Portsmouth, a talented United Kingdom-based artist Julie Alice Chappell makes stunning miniature sculptures of insects using circuit boards found inside unwanted electronics. She says; my art practice comprises breaking down the pre-existing materials, reinterpreting them and providing them a fresh form with different purpose, producing something striking, whimsical and precious. It is all started some years back, when she came across a large box of tiny electronic components at the Beneficial Foundation in Portsmouth, and then recognized as the "The Craft Bank." The center receives surplus items from numerous companies and they pass along these "hidden treasures" to schools, community groups and artists. The first thing that came into my mind when I looked at them was, “a mass of tiny bodies and legs ants!” I decide to take them home to my children and we made ants.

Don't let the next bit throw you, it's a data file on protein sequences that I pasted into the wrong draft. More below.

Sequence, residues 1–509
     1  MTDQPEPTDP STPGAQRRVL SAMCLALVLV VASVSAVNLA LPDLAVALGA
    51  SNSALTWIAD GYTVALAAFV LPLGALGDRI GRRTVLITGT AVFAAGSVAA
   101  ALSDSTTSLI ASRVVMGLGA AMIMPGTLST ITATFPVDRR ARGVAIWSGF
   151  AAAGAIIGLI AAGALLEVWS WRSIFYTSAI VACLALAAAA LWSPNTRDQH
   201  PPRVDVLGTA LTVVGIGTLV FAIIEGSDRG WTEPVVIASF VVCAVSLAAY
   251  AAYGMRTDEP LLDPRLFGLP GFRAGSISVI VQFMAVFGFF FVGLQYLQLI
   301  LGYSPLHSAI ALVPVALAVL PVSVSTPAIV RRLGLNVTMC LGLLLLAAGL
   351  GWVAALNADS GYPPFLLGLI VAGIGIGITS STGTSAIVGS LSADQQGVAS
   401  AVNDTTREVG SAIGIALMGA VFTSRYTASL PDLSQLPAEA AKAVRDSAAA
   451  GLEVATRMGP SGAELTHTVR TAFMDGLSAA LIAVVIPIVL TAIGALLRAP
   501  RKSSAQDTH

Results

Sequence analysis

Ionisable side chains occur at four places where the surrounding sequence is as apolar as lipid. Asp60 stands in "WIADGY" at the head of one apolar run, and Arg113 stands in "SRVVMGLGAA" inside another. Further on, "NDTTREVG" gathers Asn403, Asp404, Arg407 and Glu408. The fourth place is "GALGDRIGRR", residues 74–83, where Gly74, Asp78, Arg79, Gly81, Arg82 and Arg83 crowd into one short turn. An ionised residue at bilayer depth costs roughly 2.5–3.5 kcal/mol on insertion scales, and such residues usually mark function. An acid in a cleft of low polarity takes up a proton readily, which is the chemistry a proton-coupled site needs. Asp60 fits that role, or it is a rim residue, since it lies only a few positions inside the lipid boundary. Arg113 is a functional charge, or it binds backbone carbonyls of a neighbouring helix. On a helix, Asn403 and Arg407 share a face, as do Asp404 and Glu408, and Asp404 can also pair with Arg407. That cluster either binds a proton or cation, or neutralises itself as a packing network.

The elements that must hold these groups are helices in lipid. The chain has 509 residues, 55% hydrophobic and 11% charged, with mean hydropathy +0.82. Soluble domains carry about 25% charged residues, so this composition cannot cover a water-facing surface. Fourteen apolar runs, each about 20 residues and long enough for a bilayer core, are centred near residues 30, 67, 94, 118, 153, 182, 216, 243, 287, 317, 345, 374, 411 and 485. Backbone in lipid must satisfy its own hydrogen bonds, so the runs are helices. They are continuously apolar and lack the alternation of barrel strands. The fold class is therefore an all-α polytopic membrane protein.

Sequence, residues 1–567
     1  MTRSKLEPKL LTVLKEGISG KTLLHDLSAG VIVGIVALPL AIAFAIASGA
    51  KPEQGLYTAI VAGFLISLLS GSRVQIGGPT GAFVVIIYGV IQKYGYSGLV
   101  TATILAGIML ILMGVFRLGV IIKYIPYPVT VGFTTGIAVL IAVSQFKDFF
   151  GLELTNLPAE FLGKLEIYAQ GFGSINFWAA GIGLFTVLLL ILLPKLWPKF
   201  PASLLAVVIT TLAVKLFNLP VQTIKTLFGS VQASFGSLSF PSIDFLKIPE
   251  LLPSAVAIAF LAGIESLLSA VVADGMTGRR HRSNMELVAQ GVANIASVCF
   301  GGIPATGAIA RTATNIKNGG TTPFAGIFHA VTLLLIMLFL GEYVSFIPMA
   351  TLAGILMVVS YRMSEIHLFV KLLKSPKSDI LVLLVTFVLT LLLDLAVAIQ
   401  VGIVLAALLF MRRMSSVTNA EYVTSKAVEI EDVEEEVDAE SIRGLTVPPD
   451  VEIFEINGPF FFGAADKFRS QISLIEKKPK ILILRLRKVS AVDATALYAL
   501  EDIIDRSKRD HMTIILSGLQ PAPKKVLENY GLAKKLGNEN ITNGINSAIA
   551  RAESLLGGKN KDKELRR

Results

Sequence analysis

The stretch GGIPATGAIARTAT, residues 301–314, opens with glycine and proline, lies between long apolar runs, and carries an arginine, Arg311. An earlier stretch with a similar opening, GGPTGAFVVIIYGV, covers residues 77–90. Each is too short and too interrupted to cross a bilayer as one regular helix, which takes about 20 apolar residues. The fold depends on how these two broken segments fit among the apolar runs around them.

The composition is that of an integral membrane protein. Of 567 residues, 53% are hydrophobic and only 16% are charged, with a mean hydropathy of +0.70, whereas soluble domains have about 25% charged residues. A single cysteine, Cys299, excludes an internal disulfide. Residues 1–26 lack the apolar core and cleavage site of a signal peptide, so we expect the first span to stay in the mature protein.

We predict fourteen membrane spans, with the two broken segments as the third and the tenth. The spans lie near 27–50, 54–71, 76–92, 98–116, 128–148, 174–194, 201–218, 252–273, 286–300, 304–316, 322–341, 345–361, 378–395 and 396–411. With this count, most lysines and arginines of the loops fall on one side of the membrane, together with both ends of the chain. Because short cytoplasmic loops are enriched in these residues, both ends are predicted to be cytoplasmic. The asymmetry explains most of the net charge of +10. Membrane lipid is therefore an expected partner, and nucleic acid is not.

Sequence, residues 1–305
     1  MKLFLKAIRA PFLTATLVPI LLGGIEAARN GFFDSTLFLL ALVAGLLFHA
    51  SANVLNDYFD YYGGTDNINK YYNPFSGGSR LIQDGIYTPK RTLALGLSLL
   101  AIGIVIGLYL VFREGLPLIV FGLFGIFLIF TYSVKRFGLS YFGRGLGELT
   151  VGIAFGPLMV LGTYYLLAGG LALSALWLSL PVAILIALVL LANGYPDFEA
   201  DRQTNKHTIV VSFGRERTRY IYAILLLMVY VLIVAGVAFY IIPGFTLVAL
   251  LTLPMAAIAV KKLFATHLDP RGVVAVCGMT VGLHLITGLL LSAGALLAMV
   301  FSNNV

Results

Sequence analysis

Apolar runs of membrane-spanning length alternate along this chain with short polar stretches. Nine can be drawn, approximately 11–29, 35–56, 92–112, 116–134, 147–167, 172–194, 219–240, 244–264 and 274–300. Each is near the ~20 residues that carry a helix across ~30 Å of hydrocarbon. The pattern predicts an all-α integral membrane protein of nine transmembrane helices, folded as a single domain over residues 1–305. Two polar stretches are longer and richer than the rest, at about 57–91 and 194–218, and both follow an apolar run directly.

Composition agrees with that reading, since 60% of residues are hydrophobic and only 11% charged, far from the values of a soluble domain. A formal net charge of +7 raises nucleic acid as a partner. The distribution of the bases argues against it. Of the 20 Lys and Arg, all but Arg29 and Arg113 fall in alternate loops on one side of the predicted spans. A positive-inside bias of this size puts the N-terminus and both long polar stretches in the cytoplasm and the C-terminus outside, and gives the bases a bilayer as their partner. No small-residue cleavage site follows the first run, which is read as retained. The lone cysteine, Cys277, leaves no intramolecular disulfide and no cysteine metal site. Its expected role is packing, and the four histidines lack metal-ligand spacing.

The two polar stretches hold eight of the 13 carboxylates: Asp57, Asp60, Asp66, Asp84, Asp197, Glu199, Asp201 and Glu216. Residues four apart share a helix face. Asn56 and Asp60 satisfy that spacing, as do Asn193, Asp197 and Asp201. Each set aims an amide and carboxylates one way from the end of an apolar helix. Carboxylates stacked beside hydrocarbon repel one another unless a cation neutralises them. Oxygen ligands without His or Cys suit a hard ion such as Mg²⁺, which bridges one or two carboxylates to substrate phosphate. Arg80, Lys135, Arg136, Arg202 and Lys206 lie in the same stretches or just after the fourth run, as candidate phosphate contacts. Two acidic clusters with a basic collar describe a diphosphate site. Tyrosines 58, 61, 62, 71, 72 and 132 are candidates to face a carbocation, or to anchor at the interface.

It was only few years later, when she found the box again, and this time, sparked a different idea. Nevertheless; Chappell was enrolled in a Fine Arts degree program and through it she grasped that she can use found objects in her artwork. As part of her degree, she got involved with environmental art.
Thus when during a workshop, she met few upcoming artists who were making life-size robots with circuit boards from computers. However they abandoned their project for some reasons, Chappell took home the circuit boards because she found them so visually attractive. Though watching a nature program on bio-diversity, she believed about the "ants" in the cupboard and she proceeded to create various bug sculptures using her newly found circuit boards. Through her series, called Computer Component Bugs, the artist despairs to raise awareness of environmental waste. The recycled bits of cultural refuse that are woven throughout my work signify a direct encounter with the overindulgences of modern living highlighting the dangers of planned obsolescence and e-waste in the environment. The work displays an aesthetic beauty whilst providing a socio-political discourse, trying to reclaim waste and the destruction of the natural world, in the beauty of visual art.